Be a Great Test Knitter!

We often partner with talented knitwear designers, providing yarn support and marketing assistance on new designs that utilize our yarns. We like to include a QCY test knitter in the designers testing pool, so that we can have a sample of the design to add to our very large sample collection.

It’s been a while since I jumped into the test knitting pool. With my current work load, I typically end up utilizing our amazing sample makers for these, but they were all busy working on other things we aren’t ready to share yet. So, It was up to me! I was really excited to get to know Jill (of Knit Sisu) and knit her newest design the Olive & Oak Sweater.

My VERY first step was a schedule! Jill needed my feedback no later than Sept 4th. Once I had the pattern, I worked out a schedule. I took every day between the day I got the pattern and the deadline and broke the pattern into small daily deadlines. I also took into account days I knew I wouldn’t have time to knit as well as finishing up my Super Simple Summer Sweater in time for the Southern Comforts Market. I also gave myself days that had no deadline. I used these as days to catch up. 


I could and should do a whole blog post on swatching, but I will leave that for another time. After swatching, I was ready to get started reviewing the actual pattern. For this I prefer paper and a red pen. (The architect is still in there!)  I printed the very first version of the pattern and read the whole thing. I like to circle or highlight all of the instructions and numbers for my size. This is a good time to ask questions. There were a few minor errors, but I was behind the other testers and they has already found these typos, so I double checked they had been corrected in the second version I also had printed.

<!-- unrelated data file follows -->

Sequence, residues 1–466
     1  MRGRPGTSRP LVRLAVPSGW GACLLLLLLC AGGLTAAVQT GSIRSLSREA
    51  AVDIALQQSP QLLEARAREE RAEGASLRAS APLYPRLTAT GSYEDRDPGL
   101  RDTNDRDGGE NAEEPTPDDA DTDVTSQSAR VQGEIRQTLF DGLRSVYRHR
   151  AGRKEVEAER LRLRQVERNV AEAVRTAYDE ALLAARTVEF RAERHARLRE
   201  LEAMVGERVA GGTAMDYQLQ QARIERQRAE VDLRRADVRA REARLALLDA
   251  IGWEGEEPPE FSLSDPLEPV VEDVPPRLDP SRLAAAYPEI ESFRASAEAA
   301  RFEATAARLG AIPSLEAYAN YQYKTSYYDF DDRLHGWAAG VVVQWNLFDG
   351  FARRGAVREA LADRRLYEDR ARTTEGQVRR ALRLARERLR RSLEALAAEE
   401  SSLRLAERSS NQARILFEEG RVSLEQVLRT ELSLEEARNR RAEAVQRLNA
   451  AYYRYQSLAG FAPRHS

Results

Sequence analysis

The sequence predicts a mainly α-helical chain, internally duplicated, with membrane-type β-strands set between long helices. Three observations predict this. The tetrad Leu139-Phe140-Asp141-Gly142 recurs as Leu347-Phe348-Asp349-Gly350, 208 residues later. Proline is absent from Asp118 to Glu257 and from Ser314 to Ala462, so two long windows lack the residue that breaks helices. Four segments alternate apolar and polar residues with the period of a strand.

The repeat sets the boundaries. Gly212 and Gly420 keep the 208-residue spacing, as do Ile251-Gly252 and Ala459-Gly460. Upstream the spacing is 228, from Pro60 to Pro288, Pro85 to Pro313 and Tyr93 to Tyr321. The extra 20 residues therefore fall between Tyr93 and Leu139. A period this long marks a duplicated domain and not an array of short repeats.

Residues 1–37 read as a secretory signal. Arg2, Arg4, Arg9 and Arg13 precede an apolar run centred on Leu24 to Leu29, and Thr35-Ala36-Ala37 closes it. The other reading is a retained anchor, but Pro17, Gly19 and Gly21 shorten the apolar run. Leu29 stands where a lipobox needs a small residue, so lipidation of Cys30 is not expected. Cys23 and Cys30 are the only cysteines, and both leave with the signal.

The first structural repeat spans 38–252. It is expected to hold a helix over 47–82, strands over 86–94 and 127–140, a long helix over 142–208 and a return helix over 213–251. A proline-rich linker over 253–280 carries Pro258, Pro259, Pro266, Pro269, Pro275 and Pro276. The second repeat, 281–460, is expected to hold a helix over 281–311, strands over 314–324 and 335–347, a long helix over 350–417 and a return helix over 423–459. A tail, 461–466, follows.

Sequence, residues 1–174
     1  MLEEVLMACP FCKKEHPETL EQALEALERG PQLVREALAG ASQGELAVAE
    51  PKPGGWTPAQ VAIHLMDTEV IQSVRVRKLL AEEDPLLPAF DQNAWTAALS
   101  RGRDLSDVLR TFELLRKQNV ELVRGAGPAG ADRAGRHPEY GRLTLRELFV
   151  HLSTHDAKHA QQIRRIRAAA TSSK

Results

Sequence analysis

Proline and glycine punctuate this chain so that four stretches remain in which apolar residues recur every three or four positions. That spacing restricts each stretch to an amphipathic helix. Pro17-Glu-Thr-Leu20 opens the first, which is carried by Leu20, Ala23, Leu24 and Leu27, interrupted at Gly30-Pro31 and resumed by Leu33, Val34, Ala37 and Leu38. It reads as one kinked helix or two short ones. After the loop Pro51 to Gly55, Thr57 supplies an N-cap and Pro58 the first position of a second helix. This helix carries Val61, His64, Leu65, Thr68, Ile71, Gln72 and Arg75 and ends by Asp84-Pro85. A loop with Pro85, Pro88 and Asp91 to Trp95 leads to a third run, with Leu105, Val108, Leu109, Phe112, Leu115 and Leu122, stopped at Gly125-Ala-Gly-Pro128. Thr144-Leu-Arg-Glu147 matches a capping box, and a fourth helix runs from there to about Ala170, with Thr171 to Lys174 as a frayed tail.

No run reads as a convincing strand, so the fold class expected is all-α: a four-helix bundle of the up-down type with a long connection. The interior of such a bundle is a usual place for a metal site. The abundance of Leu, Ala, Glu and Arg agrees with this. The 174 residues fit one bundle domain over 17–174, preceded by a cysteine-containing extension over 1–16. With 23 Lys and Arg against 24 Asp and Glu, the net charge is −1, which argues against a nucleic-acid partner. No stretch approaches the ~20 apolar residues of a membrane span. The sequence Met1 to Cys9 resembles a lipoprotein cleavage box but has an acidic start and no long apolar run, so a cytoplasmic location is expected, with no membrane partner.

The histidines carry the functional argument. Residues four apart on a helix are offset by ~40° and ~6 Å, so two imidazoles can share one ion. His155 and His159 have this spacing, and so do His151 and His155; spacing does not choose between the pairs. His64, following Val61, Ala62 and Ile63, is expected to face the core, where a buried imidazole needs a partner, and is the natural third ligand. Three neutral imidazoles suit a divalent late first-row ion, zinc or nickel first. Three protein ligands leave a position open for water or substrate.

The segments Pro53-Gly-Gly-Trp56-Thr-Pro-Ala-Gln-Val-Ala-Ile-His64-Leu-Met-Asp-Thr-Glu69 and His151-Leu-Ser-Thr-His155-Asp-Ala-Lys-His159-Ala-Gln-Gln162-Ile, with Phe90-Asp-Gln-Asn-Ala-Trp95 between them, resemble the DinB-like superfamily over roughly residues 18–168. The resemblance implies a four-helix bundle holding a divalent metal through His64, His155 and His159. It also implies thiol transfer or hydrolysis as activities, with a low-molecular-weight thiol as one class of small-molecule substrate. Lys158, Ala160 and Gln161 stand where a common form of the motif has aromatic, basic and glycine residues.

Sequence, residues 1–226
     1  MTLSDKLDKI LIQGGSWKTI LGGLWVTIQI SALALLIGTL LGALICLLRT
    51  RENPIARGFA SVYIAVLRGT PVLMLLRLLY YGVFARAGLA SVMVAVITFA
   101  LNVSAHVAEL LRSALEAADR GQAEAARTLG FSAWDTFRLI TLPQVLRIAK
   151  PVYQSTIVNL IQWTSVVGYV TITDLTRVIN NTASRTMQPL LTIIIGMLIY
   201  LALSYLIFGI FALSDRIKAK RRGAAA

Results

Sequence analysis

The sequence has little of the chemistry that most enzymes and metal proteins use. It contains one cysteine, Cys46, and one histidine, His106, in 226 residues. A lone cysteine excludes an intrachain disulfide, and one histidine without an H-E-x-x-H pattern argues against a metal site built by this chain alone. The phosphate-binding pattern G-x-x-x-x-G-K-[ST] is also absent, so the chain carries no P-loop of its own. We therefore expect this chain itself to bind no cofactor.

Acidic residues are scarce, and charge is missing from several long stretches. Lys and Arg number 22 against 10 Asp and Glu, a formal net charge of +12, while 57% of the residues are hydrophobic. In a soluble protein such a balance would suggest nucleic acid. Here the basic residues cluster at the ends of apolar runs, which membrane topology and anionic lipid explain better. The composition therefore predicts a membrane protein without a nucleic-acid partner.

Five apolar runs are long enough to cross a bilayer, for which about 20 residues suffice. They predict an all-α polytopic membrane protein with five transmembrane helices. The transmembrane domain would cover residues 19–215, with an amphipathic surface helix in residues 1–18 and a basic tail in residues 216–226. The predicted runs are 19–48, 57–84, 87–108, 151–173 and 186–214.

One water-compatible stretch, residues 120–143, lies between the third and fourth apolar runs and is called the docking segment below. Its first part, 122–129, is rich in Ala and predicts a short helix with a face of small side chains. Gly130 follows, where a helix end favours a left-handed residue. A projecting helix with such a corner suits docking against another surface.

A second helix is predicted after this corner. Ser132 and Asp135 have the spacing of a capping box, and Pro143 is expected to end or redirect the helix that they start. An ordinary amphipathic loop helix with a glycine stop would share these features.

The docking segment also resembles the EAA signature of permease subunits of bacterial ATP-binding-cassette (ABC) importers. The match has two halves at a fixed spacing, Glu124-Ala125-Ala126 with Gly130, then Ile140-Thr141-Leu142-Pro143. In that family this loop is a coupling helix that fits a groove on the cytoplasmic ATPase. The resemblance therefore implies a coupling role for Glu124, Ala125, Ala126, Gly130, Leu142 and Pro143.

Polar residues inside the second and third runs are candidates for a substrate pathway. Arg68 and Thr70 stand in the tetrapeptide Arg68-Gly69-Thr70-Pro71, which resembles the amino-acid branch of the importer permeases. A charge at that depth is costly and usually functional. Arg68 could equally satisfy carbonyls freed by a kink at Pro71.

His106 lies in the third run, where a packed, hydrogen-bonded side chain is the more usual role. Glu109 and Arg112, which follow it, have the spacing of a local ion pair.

From there I dove into knitting, hitting my daily deadlines most days and catching up on others but never falling too far behind. As I had questions or comments I added them to the pattern. I used my Taco progress keeper to mark where I started each day!


Once I finished my sweater it was time to translate my chicken scratch hand written notes across three versions of the pattern into a cohesive set of notes for Jill. 


Last and Final Step, Photo Shoot! I find it VERY helpful to see photos of the finished test on a body! 


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